A podcast about economics hardly sounds like it will set the world alight but this offering from America’s National Public Radio (NPR) is genuinely entertaining as well as featuring top production. Learn more about how the economy actually works through stories on anything from apple varieties, to Venezuela’s hyperinflation, to the history of banking.
Host Paul Blanchard knows his formula: get important people to talk about themselves. His Media Masters podcast is required listening for journalists, and Business Leaders does much the same for anyone who does a job, and probably those who don’t. (Also catch him discussing PR crises in the new year with City A.M.) Guests include Metro Bank’s founder Vernon Hill, the founder of Brooklyn Brewery, and Britain’s most influential plumber, Charlie Mullins.
Remember when the British Museum became cool with A History of the World in 100 Objects? The BBC is at it again, this time with economics. Tim Harford (aka the Undercover Economist) takes an object – from concrete to the shipping container to the iPhone – and shows how it changed (or is changing) our lives.
Mining the same “I’ve actually done it” vein but with a more US-centric focus, How I Built This (another from NPR) features entrepreneurs who founded companies you’ve heard of telling their stories. Listen to the people behind big-hitting brands – think Instagram, Airbnb, and (hot off the record press) glasses maker Warby Parker.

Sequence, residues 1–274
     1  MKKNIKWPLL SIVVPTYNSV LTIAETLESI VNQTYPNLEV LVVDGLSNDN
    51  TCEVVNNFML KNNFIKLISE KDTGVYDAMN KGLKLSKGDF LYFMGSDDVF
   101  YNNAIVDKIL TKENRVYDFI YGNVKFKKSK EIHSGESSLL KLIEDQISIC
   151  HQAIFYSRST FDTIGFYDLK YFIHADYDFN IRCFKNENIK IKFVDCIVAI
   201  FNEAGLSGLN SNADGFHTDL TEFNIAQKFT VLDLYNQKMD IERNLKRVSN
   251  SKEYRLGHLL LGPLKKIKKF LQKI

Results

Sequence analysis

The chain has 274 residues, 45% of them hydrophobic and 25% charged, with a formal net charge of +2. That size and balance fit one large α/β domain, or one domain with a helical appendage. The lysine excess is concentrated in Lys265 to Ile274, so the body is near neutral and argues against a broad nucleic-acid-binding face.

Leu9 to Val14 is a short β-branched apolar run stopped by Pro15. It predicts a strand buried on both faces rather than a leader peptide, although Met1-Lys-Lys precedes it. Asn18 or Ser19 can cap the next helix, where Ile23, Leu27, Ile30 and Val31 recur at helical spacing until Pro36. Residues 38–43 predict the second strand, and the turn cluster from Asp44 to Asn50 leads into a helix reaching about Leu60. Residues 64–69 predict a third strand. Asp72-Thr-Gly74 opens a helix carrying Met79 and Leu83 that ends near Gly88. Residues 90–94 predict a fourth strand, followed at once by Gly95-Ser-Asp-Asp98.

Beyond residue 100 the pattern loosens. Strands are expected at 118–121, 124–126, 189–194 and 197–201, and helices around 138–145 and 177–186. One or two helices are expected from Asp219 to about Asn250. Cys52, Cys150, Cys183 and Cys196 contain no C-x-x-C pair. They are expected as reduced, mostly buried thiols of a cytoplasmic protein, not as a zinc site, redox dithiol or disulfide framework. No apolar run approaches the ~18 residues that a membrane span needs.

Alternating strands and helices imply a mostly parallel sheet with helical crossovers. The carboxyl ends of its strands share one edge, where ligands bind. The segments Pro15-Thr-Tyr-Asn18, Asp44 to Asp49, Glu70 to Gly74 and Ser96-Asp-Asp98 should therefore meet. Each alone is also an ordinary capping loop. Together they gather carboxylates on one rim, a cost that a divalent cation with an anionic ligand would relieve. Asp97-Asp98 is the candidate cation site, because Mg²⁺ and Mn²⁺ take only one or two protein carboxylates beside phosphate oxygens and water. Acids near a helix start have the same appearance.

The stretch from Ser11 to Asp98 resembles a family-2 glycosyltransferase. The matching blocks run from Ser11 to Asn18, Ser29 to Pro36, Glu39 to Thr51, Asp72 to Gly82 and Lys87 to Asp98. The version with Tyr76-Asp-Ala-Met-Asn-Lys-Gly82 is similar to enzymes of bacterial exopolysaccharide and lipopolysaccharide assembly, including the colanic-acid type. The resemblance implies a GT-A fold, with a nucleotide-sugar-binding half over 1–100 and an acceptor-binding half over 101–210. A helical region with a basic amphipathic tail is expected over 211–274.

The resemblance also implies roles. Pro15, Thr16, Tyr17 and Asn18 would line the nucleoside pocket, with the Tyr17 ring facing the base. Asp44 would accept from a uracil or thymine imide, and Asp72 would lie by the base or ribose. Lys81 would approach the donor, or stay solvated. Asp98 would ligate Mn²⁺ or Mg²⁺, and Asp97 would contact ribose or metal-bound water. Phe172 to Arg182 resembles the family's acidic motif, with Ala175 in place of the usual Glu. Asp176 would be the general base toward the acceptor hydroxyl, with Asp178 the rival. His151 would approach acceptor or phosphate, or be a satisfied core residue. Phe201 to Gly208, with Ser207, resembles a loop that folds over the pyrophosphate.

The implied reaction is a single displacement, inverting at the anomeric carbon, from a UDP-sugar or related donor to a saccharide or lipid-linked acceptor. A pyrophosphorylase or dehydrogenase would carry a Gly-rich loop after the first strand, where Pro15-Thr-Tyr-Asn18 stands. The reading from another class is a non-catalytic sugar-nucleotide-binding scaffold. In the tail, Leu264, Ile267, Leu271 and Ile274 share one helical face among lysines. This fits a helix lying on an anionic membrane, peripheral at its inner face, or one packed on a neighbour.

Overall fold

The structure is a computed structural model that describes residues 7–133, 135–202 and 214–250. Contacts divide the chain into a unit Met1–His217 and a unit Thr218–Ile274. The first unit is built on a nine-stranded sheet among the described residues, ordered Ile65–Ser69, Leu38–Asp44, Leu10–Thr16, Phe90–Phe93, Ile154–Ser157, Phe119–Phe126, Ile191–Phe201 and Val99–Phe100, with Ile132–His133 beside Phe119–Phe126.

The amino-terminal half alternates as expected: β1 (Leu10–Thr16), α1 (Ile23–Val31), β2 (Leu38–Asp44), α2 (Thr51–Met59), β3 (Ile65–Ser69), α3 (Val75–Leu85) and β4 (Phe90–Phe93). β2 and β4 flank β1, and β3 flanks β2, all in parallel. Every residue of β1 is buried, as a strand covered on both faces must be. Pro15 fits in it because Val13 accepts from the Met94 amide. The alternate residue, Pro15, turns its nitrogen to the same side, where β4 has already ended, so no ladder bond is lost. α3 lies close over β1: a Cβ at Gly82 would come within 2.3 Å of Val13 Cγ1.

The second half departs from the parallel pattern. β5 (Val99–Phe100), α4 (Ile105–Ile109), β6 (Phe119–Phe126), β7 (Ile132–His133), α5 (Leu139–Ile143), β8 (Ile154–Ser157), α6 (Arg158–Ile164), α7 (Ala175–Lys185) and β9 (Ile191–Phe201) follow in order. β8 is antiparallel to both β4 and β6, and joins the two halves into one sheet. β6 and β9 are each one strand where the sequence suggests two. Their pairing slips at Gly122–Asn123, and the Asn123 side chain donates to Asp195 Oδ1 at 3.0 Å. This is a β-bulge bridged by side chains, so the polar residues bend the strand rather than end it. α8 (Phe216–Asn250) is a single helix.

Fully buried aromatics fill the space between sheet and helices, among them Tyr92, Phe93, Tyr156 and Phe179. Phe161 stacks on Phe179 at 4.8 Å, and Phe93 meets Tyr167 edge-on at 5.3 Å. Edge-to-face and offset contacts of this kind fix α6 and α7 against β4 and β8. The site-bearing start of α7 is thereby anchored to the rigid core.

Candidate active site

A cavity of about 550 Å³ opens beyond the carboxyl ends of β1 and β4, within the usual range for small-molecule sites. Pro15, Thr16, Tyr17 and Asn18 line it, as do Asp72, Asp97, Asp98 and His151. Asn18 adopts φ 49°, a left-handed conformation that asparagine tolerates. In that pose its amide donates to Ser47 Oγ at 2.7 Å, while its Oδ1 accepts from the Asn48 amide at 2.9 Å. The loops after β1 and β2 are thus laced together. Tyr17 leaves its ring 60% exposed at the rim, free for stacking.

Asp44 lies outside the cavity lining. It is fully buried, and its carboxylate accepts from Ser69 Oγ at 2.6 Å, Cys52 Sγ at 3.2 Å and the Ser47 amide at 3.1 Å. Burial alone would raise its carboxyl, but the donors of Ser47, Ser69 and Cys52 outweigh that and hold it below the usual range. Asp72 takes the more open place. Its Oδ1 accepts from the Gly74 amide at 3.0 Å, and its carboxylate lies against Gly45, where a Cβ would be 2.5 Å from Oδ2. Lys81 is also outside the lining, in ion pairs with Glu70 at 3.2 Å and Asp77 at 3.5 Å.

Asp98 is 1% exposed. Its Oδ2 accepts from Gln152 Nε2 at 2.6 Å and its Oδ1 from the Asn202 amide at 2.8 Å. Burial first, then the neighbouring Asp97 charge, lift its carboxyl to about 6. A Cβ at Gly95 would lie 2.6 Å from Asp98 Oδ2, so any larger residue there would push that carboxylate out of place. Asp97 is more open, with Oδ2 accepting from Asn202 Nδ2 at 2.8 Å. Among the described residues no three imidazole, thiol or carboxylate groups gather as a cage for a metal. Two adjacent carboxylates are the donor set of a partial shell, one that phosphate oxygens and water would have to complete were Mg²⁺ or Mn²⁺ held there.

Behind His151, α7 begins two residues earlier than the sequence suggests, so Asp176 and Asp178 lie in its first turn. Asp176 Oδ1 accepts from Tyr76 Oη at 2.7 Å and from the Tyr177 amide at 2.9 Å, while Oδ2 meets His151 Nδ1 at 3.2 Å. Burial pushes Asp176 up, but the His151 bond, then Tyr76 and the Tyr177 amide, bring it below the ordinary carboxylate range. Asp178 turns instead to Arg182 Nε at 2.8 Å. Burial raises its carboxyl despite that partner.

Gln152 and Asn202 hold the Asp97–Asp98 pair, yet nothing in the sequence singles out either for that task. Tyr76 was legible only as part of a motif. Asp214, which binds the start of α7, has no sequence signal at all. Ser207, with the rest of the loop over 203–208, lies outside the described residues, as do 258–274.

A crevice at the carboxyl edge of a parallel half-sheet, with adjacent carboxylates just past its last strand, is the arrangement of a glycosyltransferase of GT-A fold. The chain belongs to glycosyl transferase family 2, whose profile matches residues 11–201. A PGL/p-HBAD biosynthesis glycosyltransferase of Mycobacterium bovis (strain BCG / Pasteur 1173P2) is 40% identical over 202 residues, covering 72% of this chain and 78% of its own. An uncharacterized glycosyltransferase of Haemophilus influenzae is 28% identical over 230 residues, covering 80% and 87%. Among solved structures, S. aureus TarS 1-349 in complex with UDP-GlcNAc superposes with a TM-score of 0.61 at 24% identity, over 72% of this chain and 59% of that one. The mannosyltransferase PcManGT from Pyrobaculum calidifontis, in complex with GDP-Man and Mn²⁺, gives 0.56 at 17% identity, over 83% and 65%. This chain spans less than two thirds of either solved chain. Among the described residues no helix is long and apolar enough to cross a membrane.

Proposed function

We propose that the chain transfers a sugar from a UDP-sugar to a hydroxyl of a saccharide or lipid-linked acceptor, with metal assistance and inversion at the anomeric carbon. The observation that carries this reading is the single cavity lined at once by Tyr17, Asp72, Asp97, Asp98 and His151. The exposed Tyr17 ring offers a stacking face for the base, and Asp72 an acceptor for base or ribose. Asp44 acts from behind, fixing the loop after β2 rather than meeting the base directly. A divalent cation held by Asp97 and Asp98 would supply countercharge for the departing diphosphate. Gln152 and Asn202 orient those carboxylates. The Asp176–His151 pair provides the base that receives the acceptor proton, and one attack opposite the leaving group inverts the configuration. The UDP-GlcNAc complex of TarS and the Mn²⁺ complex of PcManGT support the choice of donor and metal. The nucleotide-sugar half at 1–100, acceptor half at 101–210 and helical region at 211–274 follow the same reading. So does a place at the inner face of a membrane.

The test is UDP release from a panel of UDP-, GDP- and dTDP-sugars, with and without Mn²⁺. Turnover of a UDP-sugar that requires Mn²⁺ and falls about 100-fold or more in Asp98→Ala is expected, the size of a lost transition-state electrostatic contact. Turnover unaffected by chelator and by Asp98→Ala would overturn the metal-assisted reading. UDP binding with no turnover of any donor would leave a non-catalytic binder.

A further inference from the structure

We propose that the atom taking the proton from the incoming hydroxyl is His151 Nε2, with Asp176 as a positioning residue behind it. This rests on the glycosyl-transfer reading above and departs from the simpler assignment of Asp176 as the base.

Everyone needs to be able to throw out a reasonably informed opinion on the politics of these strange islands. The New Statesman and the Spectator eye each other from across political divides old and new (left/right; Remain/Leave). Listen to both (we're counting them as one) for as much of a balanced view as is probably possible.
If you want to be taken really seriously at the water cooler Alphachat is probably your best bet. Its host Cardiff Garcia and expert guests discuss the more complex reaches of economics, markets and business in a way that’s accessible without holding back on the detail.
Sometimes the best way to approach something is sideways. Sideways here means the Periodic Table. The BBC’s Elements takes a chemical element and shows how it impacts modern business. Find out why we should expect phosphorus to spark the next world war, and why tonnes of silver are buried under the streets of London.
And of course no business podcast list would be complete without City A.M.’s very own Unregulated. Digital editor Emma Haslett talks to economists, entrepreneurs and, er, esports athletes to get behind-the-scenes views on the business world.